It’s Not a “Mistake” If You Plan It
I’m still thinking about cheating and how we, as a society, accept it as just something that happens. I think this is a huge problem for a number of reasons, not least because it gives the perpetrators a pass for their damaging behavior and leaves survivors feeling as though the crime committed against them—though it leaves them as broken and requires as much healing as many other types of abuse*—just doesn’t count.
Today I imagined, as I have been a lot lately, what might happen if I ran into the ex in a public place. I imagined a dialog wherein I told him to leave and he refused, telling me that he’d made a mistake but that didn’t give me a right to…whatever, that’s as far as I got before the following list began forming in my mind. It’s a response to the ghost of the ex and anyone else who wants to write this behavior off as a simple “mistake” to be forgiven and forgotten.
- A mistake is typing “ass” instead of “ask.”
- A mistake is putting your shoes on the wrong feet.
- A mistake is getting into a car accident when you did everything you could to prevent it.
- A mistake is an impulsive kiss or even a one-night stand.
- A mistake is something you do by accident in a moment of distraction or thoughtlessness or passion and then you stop and say, “Whoa. That was wrong. I’m not going to do that again.”
- When you are in a committed relationship and you purposely seek out a person outside the relationship for sex unbeknownst to your partner, that is not an accident. That’s not an impulsive action that takes place in an instant. That’s not a “mistake.”
- When you set out to deceive your partner on a daily basis, lying to her multiple times a day for months about where you are, making up elaborate stories about searching all over town for the right “surprise” when you’re actually having sex with your secret lover, that’s not a regretful misstep. That’s not just something that happens. That’s not a “mistake.”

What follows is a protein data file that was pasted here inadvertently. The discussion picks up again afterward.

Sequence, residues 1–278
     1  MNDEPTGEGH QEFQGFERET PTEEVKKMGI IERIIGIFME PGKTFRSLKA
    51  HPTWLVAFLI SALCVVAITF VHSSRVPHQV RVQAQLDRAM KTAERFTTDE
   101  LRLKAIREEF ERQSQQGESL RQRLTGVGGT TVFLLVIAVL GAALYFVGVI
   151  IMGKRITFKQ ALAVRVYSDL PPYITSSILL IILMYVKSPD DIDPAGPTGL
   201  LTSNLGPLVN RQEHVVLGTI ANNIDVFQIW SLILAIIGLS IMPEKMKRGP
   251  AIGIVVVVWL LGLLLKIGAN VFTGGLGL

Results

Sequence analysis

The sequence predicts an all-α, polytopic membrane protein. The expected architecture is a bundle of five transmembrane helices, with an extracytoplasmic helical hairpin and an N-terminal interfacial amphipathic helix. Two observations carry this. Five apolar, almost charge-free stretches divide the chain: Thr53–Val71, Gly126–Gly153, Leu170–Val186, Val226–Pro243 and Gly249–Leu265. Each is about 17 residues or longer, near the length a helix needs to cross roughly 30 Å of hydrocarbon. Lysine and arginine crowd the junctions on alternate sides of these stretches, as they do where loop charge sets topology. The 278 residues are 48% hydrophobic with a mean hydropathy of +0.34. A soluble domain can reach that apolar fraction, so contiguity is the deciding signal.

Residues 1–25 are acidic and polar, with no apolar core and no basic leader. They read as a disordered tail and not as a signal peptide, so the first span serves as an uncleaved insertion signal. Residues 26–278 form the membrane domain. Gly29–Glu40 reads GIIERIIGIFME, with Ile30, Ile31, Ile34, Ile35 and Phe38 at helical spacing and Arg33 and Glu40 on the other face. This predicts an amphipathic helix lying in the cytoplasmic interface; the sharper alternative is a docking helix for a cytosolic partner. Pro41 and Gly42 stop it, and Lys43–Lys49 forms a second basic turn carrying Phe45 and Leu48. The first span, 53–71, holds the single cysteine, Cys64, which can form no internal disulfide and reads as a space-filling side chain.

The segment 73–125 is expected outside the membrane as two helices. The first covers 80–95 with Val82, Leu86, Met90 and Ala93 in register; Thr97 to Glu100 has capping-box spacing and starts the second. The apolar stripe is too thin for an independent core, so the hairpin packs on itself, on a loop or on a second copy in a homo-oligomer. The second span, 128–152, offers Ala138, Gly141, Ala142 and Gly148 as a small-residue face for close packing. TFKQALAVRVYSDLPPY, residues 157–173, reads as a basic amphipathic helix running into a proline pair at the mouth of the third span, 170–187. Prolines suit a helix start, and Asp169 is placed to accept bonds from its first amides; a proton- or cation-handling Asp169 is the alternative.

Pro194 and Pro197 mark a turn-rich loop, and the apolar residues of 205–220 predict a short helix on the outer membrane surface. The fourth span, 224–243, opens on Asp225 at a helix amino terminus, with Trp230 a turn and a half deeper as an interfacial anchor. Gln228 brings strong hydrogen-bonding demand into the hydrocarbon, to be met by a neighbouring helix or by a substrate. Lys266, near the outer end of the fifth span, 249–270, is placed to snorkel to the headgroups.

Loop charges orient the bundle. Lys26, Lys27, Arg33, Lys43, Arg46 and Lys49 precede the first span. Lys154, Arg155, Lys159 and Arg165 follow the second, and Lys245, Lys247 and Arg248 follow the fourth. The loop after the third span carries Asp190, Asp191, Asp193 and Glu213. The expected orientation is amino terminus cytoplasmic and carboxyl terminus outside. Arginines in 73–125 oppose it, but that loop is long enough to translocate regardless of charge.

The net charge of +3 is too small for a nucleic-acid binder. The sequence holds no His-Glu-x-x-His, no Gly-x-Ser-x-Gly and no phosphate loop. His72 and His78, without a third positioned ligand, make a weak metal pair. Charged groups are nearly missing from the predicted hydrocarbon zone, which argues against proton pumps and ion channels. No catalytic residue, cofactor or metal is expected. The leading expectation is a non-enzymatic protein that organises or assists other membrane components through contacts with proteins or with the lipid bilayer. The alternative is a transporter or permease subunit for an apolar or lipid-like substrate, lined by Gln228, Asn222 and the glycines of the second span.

This was not a mistake. This was a campaign of deception and betrayal.
Let me tell you about mistakes I’ve made:
- Spending seven years with someone because you believe what they tell you is true: that was a mistake.
- Wanting so badly to believe that someone loved me that I ignored the signs that he was not capable of it: that was a mistake.
- Trying to remain friends with the man who perpetrated what I have come to think of as abuse* against me: that was a mistake.
- Believing that he was even capable of being my friend after not only what he did, but the way he continued to treat me after the fact: that was a mistake.
- Believing that he would figure out how badly he’d fucked up and come back and do the work to make things right: that was a mistake.
These last few are mistakes because they held me back from healing. Who knows where I’d be now if I’d written him off in December, when I first tried to, rather than in February when I finally felt ready to?
Yeah, I know, it is what it is. But I’ve made my point: mistakes are not things you plan and execute like a serial killer. Mistakes are forgivable. Crimes like the ones this man perpetrated require more than forgiveness: they require redemption, and redemption requires sacrifice from the one hoping to be redeemed. It’s not something I can offer him—it’s something he has to want and work for and make happen for himself.
And maybe that’s one reason I’m having such a hard time with forgiveness—maybe it can’t happen without redemption. Or maybe I’m just not ready.
Maybe I never will be.
*I know, my use of the “A” word is a sticky issue for some. I am a survivor of many types of abuse and I don’t use the term lightly. I’m going to be writing more about it soon, but in the meantime, if it’s bothering you, ask yourself why. Ask yourself about power relationships and intent and consequences and damage. For some background, read this. We’ll talk more soon.
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This entry was posted on August 21, 2013 by Rosie. It was filed under Dark Places, Life, Men, Personal, Women and was tagged with abuse, betrayal, cheating, Committed relationship, Forgiveness, lying, Relationships, Sexual abuse.